"Should it be allowed to rot?" one worker said. "No. It's a monument. It's a monument to extermination and people should be able to remember so that the same thing never happens again."

But even something as simple as restoring the fence posts amounts to a complicated decision at a place like Auschwitz. It took several years for the idea to be approved.

"I would say it's the most emotional place on earth," Olesky said. "People come here with their expectations, with their imaginations, with their deep emotions. They have a right to do this, but these emotions are very divergent at times. How should you preserve this place?"

Ernst Michel, the American attempting to preserve Auschwitz, last visited there two years ago. His family videotaped what he said would be his last visit.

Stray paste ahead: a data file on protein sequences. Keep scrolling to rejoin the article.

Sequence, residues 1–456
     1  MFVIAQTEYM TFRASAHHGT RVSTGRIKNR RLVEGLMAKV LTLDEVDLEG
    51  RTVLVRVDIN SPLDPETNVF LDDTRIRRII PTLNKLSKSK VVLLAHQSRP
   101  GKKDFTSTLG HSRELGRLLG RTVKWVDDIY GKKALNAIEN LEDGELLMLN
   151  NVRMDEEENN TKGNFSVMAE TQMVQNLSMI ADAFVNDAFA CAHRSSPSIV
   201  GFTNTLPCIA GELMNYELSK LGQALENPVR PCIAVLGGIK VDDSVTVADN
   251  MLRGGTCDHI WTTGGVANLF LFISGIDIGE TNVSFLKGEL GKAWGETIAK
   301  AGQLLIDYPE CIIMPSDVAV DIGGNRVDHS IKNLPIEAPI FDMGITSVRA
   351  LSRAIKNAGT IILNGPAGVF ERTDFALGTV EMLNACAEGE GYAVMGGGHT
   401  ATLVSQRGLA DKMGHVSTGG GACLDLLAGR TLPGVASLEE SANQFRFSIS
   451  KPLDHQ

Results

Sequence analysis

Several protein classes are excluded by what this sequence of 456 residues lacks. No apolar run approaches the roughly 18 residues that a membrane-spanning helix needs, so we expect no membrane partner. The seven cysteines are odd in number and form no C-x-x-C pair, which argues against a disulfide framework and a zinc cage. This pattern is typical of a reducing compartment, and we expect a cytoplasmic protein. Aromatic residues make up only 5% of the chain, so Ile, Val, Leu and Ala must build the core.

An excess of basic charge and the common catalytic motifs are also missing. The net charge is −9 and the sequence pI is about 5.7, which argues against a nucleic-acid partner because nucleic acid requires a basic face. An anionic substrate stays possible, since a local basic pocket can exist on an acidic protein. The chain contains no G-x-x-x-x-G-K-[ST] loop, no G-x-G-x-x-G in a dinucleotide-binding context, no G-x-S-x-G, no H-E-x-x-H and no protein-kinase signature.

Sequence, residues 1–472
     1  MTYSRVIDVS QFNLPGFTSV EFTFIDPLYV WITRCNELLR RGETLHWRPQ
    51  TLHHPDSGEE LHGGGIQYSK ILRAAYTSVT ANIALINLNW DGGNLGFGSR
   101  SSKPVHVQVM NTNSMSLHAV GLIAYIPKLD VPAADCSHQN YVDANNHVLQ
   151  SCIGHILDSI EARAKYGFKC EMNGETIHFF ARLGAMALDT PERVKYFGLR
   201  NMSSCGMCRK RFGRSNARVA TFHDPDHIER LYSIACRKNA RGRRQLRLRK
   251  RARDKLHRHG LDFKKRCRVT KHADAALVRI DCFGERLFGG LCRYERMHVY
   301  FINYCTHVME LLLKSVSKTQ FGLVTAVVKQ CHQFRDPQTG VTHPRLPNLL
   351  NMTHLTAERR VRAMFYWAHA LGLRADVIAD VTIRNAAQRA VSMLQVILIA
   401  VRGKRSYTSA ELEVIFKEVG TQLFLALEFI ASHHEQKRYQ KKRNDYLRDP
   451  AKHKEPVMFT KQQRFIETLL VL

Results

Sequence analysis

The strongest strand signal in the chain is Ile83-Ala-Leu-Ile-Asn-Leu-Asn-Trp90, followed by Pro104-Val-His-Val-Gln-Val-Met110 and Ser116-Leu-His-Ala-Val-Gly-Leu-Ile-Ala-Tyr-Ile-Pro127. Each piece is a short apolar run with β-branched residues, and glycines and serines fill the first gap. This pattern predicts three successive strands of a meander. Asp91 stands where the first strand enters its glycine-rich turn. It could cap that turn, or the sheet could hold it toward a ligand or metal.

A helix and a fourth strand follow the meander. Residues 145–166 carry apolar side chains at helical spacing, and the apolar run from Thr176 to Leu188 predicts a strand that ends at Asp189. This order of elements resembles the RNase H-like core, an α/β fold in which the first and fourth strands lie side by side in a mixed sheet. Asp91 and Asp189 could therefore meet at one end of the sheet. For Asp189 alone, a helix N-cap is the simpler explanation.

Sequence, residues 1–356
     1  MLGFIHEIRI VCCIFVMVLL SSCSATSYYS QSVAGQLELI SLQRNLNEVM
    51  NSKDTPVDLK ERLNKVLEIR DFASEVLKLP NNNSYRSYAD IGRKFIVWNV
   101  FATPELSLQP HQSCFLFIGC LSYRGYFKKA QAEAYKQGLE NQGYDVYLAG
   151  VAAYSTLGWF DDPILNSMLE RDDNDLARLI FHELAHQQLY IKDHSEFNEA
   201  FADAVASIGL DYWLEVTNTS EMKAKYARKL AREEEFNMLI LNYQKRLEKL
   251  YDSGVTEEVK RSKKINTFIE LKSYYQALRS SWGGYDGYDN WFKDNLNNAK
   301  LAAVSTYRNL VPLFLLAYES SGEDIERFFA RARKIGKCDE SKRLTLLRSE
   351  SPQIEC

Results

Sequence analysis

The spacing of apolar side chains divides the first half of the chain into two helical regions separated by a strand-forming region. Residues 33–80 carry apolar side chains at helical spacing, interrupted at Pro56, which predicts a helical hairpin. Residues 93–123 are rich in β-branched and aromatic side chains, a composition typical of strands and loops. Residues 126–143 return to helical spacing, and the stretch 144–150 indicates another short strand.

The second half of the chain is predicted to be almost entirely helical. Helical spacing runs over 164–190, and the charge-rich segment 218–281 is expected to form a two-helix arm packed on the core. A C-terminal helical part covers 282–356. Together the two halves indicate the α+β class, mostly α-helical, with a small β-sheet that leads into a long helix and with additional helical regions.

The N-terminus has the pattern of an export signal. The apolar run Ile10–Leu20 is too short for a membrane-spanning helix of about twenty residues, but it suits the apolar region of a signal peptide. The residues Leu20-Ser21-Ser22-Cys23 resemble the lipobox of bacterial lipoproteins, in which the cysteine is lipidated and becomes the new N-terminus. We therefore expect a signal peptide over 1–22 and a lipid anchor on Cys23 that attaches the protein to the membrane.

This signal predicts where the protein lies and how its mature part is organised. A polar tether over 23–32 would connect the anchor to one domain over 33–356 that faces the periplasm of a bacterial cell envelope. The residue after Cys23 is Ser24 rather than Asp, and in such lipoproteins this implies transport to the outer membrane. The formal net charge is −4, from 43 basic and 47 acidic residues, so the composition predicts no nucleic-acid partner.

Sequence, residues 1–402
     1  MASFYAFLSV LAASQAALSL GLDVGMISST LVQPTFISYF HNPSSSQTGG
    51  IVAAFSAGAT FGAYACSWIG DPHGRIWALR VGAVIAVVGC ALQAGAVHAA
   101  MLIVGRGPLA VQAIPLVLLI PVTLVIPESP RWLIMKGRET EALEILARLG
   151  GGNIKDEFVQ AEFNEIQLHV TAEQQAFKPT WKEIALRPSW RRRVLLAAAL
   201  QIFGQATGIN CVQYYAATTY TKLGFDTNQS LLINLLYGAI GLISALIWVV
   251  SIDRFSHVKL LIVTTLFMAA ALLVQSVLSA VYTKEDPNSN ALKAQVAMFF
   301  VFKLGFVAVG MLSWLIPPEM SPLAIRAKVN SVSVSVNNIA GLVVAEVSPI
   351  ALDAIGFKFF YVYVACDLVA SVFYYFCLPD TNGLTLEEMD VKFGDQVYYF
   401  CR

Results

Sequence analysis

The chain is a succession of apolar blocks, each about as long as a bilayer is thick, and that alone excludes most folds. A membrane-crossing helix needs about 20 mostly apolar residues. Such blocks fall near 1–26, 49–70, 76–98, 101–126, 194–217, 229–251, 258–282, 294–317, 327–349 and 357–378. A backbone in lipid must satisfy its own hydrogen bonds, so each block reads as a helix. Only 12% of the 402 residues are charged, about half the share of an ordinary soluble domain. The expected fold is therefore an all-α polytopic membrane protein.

"I wanted to come here as a memory of, really of who I am," Michel told his family on the tape. "That I survived it, I still do not understand it. That I can stay here at this place and talk to you is something that I will never, never fully understand."

When he is dead and gone, Michel says, he wants others to see what he showed his children and grandchildren.

"This is the reason why I believe whatever happens in Auschwitz, it should be kept the way it is," Michel said. "I will want to be sure that the story of what happened to us in the middle of the 20th century will remain and will not be forgotten. So that the hundreds of thousands of visitors, who are coming from all over the world, will see what happened — in this place, in our time."